The exoteric teaching of the Kantian philosophy — that the understanding ought not to go beyond experience, else the cognitive faculty will become a theoretical reason which itself generates nothing but fantasies of the brain — this was a justification from a philosophical quarter for the renunciation of speculative thought. In support of this popular teaching came the cry of modern educationists that the needs of the time demanded attention to immediate requirements, that just as experience was the primary factor for knowledge, so for skill in public and private life, practice and practical training generally were essential and alone necessary, theoretical insight being harmful even. Philosophy [Wissenschaft] and ordinary common sense thus co-operating to bring about the downfall of metaphysics, there was seen the strange spectacle of a cultured nation without metaphysics – like a temple richly ornamented in other respects but without a holy of holies. Theology, which in former times was the guardian of the speculative mysteries and of metaphysics (although this was subordinate to it) had given up this science in exchange for feelings, for what was popularly matter-of-fact, and for historical erudition.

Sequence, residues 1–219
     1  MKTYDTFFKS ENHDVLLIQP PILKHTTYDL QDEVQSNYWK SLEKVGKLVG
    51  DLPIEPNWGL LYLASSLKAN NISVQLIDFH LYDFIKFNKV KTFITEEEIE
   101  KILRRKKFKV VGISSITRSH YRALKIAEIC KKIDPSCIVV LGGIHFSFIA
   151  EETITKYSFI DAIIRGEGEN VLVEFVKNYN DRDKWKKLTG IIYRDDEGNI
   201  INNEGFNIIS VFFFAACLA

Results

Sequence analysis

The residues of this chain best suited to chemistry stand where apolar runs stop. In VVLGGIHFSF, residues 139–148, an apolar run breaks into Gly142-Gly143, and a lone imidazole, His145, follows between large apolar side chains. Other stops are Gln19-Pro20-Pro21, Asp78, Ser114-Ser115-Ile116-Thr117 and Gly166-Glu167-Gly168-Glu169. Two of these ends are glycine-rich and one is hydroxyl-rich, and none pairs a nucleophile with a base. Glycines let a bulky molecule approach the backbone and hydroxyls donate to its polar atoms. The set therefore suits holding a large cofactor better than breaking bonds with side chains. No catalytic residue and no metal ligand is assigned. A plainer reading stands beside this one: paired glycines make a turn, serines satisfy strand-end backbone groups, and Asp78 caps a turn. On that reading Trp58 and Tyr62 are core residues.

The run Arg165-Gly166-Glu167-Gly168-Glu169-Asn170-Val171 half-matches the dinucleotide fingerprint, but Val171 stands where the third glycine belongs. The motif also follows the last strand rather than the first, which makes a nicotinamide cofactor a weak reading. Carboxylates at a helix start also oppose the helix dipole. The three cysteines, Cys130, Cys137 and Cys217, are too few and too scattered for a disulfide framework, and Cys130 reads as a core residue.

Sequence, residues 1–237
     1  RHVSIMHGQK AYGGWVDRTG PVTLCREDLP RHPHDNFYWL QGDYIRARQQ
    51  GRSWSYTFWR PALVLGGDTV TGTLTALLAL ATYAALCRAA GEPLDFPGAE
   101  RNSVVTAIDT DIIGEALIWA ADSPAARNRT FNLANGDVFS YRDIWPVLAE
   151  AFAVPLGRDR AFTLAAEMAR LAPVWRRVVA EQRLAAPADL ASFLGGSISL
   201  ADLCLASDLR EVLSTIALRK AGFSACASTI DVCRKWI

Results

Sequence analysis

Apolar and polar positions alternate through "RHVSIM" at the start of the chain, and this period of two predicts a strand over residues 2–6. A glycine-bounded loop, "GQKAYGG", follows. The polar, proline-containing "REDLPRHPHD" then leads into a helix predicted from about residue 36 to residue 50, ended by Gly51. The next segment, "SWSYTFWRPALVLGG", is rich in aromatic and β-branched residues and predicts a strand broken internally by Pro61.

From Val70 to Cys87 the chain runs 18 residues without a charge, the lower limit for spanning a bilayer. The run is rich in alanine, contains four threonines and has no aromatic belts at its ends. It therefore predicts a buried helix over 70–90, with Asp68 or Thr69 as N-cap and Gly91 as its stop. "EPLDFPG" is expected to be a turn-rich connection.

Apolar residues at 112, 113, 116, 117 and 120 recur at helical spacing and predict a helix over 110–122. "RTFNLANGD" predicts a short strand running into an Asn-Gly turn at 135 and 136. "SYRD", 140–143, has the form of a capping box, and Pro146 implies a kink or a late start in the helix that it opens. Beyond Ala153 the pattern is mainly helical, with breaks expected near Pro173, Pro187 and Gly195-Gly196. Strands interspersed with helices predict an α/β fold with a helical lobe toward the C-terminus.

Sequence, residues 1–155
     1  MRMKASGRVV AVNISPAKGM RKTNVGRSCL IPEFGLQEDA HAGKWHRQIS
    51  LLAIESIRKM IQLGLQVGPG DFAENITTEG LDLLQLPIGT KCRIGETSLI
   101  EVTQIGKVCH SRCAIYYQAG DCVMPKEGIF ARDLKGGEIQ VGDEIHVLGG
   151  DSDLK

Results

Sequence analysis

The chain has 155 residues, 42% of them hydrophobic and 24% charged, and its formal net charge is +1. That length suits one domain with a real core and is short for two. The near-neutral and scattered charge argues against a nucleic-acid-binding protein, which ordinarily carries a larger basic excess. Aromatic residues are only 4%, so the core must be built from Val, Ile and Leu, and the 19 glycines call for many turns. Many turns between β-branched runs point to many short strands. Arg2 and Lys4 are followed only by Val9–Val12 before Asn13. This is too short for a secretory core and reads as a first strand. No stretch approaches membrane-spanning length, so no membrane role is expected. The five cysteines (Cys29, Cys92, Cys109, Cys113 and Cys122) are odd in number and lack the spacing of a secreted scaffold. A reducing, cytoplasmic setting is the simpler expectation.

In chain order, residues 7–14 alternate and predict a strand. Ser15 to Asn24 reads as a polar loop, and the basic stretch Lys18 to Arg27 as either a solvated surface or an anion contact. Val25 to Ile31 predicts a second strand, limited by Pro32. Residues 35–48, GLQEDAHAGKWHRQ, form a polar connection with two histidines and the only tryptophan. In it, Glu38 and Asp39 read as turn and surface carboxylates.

Hegel, Logic, Preface to the First Edition, section 3. (The first volume of the first edition was published, I think, in 1812.)